He began TopSail under the Los Angeles Maritime Institute at Ports of Call and has four ships in the program, including Exy’s twin, Irving Johnson and the 70-foot Swift of Ipswich.

I can go on and on, but nothing can tell you more than going out on the adventure yourself as a volunteer and watching the kids learn in ways none of us could have imagined. Students coiled lines, hoisted sails, quizzed the captain on how deep it was right outside the harbor (not quite enough to swallow the boat, which is 87 feet high and we were at a depth of 82 feet, the captain explained) and most of all watching the kids become a team.

No one can tell you better than the kids themselves.

“Today, we went sailing and it was crazy. I learned about how you go through winds,” wrote Richard Q., a 13-year-old sixth grader. I really, really, really, 5X really, want to go on a five-day trip. Please pick me. Please pick me. Please pick me. I will behave and learn stuff. New stuff.”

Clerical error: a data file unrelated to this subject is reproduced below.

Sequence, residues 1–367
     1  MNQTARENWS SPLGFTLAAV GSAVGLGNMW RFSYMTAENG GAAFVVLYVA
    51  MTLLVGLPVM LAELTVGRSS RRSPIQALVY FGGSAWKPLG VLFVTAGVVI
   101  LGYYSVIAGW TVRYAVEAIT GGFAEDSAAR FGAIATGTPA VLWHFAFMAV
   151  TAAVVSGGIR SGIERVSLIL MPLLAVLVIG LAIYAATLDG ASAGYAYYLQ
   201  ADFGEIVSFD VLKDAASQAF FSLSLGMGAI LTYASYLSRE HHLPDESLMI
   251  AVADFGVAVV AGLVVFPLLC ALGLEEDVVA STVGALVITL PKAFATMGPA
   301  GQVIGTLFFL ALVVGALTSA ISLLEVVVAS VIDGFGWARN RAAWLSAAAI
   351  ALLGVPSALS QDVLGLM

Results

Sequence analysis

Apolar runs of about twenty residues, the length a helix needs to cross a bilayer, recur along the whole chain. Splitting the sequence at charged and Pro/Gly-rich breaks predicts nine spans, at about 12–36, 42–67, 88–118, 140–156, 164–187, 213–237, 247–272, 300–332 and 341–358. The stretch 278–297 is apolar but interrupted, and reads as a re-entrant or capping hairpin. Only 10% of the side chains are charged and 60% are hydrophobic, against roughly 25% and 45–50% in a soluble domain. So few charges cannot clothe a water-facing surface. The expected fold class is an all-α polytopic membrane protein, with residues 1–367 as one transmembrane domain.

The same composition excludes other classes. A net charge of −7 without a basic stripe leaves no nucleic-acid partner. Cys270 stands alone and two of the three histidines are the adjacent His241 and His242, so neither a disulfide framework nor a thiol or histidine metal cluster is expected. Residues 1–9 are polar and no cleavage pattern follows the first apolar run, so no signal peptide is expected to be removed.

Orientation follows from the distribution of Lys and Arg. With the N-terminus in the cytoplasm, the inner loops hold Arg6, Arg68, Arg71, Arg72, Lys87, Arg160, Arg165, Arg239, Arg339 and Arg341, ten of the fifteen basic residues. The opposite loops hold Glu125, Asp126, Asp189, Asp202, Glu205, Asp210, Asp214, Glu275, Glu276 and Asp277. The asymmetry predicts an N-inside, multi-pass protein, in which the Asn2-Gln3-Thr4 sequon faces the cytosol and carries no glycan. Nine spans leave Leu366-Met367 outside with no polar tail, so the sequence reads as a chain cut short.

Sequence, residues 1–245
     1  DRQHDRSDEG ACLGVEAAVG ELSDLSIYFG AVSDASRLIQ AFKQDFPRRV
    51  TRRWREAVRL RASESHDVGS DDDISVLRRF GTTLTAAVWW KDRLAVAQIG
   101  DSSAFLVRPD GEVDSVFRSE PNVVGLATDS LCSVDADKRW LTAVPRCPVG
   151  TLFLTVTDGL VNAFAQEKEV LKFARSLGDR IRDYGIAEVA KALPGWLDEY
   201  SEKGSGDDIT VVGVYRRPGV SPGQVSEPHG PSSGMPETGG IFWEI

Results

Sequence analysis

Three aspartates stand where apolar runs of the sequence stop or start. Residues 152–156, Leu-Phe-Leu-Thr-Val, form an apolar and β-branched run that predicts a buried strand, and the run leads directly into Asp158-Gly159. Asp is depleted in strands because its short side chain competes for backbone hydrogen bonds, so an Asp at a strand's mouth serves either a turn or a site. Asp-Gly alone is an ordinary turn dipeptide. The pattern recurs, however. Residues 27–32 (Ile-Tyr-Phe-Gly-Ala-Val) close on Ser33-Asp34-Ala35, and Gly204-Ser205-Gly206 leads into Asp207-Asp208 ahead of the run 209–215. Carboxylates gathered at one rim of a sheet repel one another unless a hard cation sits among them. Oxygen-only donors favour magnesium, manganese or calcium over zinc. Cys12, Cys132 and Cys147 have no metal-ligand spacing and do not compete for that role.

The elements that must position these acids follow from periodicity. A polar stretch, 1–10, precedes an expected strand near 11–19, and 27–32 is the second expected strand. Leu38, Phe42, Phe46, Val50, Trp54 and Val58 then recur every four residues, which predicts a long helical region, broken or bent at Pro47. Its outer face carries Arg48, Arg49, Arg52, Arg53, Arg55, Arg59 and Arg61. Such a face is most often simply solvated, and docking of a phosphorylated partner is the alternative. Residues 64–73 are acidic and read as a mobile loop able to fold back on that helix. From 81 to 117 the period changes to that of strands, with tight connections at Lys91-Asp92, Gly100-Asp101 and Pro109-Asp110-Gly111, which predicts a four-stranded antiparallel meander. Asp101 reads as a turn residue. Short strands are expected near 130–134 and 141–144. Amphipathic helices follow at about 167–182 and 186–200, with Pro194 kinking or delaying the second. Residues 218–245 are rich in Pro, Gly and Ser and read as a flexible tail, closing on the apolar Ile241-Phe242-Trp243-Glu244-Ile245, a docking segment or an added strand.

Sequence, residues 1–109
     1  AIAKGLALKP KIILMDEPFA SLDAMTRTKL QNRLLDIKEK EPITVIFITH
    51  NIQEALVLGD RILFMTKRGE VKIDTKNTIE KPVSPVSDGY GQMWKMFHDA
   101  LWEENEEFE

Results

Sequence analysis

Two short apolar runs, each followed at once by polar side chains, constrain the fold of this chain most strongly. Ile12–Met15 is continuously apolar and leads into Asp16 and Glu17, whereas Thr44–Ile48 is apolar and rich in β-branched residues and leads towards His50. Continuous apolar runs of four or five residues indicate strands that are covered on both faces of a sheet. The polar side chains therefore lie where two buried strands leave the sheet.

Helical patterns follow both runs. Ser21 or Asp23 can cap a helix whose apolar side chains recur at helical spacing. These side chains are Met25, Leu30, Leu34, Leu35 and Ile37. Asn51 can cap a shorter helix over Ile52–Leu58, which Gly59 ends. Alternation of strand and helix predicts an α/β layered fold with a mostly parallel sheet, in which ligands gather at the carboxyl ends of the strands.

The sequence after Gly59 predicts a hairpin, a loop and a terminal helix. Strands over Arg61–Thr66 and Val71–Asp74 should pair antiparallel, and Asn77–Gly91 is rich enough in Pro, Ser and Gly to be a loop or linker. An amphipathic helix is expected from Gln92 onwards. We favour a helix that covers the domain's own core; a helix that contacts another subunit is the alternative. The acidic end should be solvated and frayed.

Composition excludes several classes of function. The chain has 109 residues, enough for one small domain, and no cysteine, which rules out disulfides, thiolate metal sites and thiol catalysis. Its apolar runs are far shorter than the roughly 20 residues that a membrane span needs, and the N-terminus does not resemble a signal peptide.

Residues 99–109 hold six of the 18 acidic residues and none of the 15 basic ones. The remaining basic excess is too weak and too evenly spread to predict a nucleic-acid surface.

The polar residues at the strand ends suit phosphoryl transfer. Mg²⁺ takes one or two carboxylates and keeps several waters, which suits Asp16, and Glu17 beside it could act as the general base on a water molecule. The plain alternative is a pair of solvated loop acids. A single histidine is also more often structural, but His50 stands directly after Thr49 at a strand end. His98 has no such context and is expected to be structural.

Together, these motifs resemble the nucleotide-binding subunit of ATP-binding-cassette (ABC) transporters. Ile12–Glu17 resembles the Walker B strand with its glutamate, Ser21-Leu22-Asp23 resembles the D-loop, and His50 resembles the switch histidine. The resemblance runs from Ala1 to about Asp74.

That you will Richard Q. That you will.


Visit June celebrations to honor the Farewell's

Diana L. Chapman

Extending peace offerings to the community – and a thank you to many residents for rallying to their support –Eastview Little League officials launched a series of community events to say goodbye to its historic ball fields that have operated in San Pedro for more than four decades.
As a good bye and thank you, the league – which will be moved temporarily to Knoll Hill while a permanent spot becomes established – will host several events in June for residents including a movie “under the stars.” Each will be free.
“It is just our way to say thank you to San Pedro, and thank you for every family that has been involved with Eastview in the past 45 years.” said Ron Galosic, an East View board member. “We would love for everyone to attend, because it is going to be a whole lot of fun!”
This Saturday (June 9th), Sand Lot III – Heading Home – will be aired under the stars at the ballfields which hosted thousands of games for the little league since 1964.